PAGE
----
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Quality at an affordable price: Shanghai Siomai

This food cart proves that cheap does not always mean low quality products.
By Kendrick Go |

It was the dilemma of how to respond to the numerous low cost siomai vendors that prompted Gilbert Jim owner of Cantonese Dimsum House to launch his Shanghai Siomai food business in 2004.

Gilbert opened Cantonese Dimsum House after working for eight years in the IT industry. The business started out as a backyard operation, selling frozen dimsum products like siomai, shark\\\'s fin dumplings, pork dumplings and lumpiang shanghai to relatives, friends, and neighbors.

By emphasizing quality while maintaining an affordable price, he was able to expand the business to seven outlets.

 

However, around early 2007, Gilbert noticed that there were more and more low cost siomai carts mushrooming. According to him, these cheaper but poorly made products were proving to be a hit with the masa market. While recognizing the threat these low-end siomai posed, Gilbert also saw an opportunity to branch out to the low end market.

The first challenge he faced was how to adapt the recipes he used to suit the Filipino palate and at the same time be more cost efficient. He did this by making it sweeter and using local ingredients. To minimize wastage, he formulated a thicker sauce that could coat a wider surface more efficiently.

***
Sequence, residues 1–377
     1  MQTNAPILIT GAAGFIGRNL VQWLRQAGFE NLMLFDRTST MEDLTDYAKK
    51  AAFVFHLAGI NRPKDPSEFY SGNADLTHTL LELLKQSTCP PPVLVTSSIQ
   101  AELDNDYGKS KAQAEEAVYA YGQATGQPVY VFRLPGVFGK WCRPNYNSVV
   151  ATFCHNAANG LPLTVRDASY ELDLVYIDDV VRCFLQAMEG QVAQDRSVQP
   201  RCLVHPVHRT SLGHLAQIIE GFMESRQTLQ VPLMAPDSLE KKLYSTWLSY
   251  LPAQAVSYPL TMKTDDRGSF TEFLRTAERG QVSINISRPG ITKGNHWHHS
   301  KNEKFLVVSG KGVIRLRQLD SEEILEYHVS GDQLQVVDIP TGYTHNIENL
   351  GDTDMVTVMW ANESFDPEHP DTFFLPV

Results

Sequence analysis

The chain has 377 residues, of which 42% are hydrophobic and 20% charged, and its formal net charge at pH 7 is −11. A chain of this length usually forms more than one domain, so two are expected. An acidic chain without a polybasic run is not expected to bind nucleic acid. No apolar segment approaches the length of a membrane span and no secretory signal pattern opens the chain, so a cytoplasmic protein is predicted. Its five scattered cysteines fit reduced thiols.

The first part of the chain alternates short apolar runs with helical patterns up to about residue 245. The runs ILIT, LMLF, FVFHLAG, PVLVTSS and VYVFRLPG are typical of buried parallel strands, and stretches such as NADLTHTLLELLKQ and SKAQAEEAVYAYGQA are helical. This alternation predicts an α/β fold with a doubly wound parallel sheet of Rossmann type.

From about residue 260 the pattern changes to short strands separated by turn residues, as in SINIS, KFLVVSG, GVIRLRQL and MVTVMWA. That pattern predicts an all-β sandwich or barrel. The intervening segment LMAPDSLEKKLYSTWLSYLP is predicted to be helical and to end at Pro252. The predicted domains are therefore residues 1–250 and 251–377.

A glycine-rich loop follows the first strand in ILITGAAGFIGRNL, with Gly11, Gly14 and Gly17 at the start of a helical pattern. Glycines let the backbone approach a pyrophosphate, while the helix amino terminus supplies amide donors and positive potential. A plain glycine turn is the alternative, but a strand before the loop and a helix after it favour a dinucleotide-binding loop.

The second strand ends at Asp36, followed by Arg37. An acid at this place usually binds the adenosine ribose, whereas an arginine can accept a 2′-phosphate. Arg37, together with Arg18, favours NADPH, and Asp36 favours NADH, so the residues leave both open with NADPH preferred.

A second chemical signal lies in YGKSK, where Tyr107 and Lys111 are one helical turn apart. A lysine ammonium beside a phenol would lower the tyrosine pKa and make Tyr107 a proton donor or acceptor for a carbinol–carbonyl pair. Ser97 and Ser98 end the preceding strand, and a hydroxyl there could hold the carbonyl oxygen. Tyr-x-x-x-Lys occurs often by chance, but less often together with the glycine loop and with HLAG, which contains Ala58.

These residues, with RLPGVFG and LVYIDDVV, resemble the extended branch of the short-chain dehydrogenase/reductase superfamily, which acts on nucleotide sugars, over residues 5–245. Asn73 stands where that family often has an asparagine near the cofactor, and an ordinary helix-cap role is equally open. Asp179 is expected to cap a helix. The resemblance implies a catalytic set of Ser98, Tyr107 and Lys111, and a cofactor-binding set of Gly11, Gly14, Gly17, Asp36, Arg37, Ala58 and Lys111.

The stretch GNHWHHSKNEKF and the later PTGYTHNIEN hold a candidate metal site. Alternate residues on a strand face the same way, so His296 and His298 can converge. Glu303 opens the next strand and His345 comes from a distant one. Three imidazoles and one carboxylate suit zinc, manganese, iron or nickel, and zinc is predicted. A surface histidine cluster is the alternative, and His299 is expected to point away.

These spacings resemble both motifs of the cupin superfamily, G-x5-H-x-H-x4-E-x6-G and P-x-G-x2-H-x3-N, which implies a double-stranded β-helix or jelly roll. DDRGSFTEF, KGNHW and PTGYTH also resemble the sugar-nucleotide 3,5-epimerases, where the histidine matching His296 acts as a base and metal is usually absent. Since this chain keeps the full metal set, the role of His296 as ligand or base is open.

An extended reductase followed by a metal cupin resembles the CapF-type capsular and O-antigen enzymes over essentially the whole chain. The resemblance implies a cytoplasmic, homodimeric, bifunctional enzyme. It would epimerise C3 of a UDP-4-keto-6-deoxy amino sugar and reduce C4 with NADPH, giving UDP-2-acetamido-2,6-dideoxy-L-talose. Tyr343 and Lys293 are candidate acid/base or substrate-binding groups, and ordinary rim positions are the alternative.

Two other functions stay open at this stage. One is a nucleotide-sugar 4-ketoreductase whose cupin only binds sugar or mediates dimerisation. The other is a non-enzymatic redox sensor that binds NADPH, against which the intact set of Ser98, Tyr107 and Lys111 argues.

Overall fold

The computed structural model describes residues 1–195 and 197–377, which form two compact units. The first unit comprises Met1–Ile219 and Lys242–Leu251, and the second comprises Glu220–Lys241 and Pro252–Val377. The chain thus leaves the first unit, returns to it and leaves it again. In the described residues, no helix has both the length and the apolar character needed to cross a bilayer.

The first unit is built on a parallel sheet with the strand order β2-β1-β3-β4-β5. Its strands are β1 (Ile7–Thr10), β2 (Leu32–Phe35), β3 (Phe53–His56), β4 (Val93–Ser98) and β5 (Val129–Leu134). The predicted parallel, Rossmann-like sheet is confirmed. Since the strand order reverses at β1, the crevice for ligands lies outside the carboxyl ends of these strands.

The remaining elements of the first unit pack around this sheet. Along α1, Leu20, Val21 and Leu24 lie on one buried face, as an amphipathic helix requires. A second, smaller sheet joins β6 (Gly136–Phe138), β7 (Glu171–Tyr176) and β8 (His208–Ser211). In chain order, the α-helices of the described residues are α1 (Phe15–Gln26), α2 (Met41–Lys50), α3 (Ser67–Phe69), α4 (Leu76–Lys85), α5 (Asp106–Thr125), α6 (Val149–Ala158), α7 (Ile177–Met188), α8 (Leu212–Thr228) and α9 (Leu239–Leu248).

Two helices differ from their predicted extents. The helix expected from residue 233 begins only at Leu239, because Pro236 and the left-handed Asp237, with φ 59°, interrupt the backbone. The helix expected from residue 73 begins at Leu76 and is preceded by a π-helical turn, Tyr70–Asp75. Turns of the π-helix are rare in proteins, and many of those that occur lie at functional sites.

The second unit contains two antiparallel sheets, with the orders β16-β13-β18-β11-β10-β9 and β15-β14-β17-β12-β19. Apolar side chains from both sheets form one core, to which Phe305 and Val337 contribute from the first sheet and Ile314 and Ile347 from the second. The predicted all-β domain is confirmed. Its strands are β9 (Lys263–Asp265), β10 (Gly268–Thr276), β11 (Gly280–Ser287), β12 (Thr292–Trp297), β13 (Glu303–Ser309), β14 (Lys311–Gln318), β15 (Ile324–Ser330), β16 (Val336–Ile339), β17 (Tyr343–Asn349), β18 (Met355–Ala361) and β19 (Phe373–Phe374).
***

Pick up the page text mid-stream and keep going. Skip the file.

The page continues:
When Shanghai Siomai launched in July 2007, its combination of low price and quality gained it a loyal group of customers. Its image of offering a high end product despite, being a "25 peso siomai" cart allowed it to grow to more than 20 stores in just a year.

“I also try to keep my expansion in line with my production capacity instead of just seeking to expand my market share,” Jim said.

 

A Shanghai Siomai package can be had for a total investment of P210,000. The package includes the food cart, freezer, icebox and initial inventory.

 

The return period is usually a year, and depending on the location, sometimes even less.  “Others just keep on expanding and then later they see that they overextended themselves and then the service suffers,” he said.

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Despite the predicted slowdown economic due to the global slump, he expects business to pick up due to the shift in consumer demand towards cheaper goods. That and the proven popularity of siomai with the Filipino market means that dimsum food carts will be a remain a viable business idea for years to come.


Interested in a Shanghai Siomai franchise? Check out the details here.

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